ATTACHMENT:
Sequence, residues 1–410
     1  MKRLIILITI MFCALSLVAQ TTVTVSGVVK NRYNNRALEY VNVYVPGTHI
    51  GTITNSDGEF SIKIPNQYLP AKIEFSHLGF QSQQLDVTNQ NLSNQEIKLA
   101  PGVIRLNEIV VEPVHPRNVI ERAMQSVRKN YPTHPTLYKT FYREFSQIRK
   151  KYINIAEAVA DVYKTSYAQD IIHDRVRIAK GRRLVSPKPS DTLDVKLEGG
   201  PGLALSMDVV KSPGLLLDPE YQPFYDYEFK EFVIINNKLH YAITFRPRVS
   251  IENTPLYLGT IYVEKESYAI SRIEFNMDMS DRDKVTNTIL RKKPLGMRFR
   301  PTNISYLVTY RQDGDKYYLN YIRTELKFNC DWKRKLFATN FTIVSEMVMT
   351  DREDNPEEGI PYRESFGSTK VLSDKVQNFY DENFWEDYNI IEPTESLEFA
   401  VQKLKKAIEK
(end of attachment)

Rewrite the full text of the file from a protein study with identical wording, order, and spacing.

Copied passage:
Sequence, residues 1–410
     1  MKRLIILITI MFCALSLVAQ TTVTVSGVVK NRYNNRALEY VNVYVPGTHI
    51  GTITNSDGEF SIKIPNQYLP AKIEFSHLGF QSQQLDVTNQ NLSNQEIKLA
   101  PGVIRLNEIV VEPVHPRNVI ERAMQSVRKN YPTHPTLYKT FYREFSQIRK
   151  KYINIAEAVA DVYKTSYAQD IIHDRVRIAK GRRLVSPKPS DTLDVKLEGG
   201  PGLALSMDVV KSPGLLLDPE YQPFYDYEFK EFVIINNKLH YAITFRPRVS
   251  IENTPLYLGT IYVEKESYAI SRIEFNMDMS DRDKVTNTIL RKKPLGMRFR
   301  PTNISYLVTY RQDGDKYYLN YIRTELKFNC DWKRKLFATN FTIVSEMVMT
   351  DREDNPEEGI PYRESFGSTK VLSDKVQNFY DENFWEDYNI IEPTESLEFA
   401  VQKLKKAIEK